by Anton Shilov
05/14/2010 | 06:59 AM
An independent analyst has confirmed that Nvidia Corp., a leading supplier of graphics and multimedia chips, has shipped hundreds of thousands Fermi-generation graphics processors. According to Jon Peddie, the head of Jon Peddie Research, Nvidia so far has shipped 400 thousand Fermi-generation chips.
“My estimate is Nvidia has shipped over 400 thousand [Fermi processors] as Tesla and Gefore units. The shipment numbers ‘to date’. Nvidia shipped a lot to OEMs, loads of Tesla versions since the announcement in Boston in March,” said Jon Peddie in a conversation with X-bit labs.
Earlier high-ranking Nvidia executives said that the company had shipped hundreds of thousands Fermi-class graphics processors. At present those chips are all based on the code-named GF100 (NV60, GT300) design, which is so complex that many analyst estimated that the yields of such chips was between 20% and 30%. Nvidia claims that its yields were higher than expected.
“Yields of our high-end, Fermi-based GPUs were much higher than expected, leading to good availability of our new GeForce GTX 480 and 470 GPUs and Tesla high-performance computing products,” said David White, chief financial officer of Nvidia, during the latest quarterly conference call with analysts.
Analyst Jon Peddie claims that the problems with yields are over for Nvidia. It has to be noted that in order to achieve those yields, Nvidia had to cut down the number of GF100’s stream processors from 512 to 480 on GeForce GTX 480 graphics board and to 448 on GeForce GTX 470 and Tesla C2050 add-in-cards.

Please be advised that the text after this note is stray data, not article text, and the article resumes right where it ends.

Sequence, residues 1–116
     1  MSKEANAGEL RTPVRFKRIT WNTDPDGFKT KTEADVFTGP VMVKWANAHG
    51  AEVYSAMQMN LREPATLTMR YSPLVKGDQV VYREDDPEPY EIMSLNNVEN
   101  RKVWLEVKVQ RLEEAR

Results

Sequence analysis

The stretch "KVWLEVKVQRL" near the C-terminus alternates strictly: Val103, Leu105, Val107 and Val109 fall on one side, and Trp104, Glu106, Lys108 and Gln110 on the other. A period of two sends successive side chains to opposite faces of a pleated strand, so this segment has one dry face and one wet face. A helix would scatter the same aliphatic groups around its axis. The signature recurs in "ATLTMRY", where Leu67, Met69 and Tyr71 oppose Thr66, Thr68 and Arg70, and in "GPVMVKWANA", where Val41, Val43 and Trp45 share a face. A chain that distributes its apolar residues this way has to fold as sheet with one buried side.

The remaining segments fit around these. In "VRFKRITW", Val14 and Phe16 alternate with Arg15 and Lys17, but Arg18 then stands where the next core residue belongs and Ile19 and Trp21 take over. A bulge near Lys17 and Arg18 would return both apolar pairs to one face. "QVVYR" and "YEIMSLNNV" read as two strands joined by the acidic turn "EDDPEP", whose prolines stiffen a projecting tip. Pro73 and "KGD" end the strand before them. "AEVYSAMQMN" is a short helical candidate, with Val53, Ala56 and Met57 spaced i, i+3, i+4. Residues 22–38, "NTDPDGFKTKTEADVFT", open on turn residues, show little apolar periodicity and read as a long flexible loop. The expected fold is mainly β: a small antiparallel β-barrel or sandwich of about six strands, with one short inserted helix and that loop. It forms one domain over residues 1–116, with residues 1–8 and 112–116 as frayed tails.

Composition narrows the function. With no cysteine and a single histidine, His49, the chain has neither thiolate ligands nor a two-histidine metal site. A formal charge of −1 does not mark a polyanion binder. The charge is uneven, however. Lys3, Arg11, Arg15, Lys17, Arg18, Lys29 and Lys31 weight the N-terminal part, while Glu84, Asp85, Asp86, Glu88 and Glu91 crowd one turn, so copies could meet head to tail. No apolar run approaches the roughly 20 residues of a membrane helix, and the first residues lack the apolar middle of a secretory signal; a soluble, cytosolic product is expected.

“I think most of Nvidia's problems are behind and they are back on track. You will see a whole slew of derivative products in the next few months,” said Mr. Peddie.
Even though Nvidia celebrates the vast amount of Fermi-class graphics chips shipped, many questions regarding business side of the achievement remain. The GF100 – in both GeForce and Tesla versions – is by any definition a premium product, which drives up revenues, profits and margins. Nevertheless, it does not look that Fermi was actually a breakthrough for the company’s business.
In the first quarter of fiscal 2011 Nvidia posted 2% quarter-over-quarter revenue growth as well as 0.9% gross margin growth. The company recorded net income of $137.6 million, or $0.23 per diluted share, for the Q1 FY2011, compared to $131.1 million, or $0.23 per diluted share, in the Q4 FY2010. The company indicated that during the first quarter if fiscal 2011 the GPU business was flat, Quadro business was on the rise (there are no Fermi-based Quadro at the moment) and Tesla business achieved record revenue.
As it can be observed, despite of shipping around 400 thousand premium GF100 graphics processors, the company did not see any tangible improvements either in profitability or margins. Obviously, Nvidia is losing chipset market share rapidly and throughout the whole Q1 FY2011 it probably has been losing share on the market of discrete graphics processors. As a result, the GF100 chip as well as increasing sales of high-margin Nvidia Quadro solutions helped Nvidia to offset declines in the core-logic and GPU businesses in terms of revenue, however, it does not look like the company managed to earn a lot more than in the previous quarter.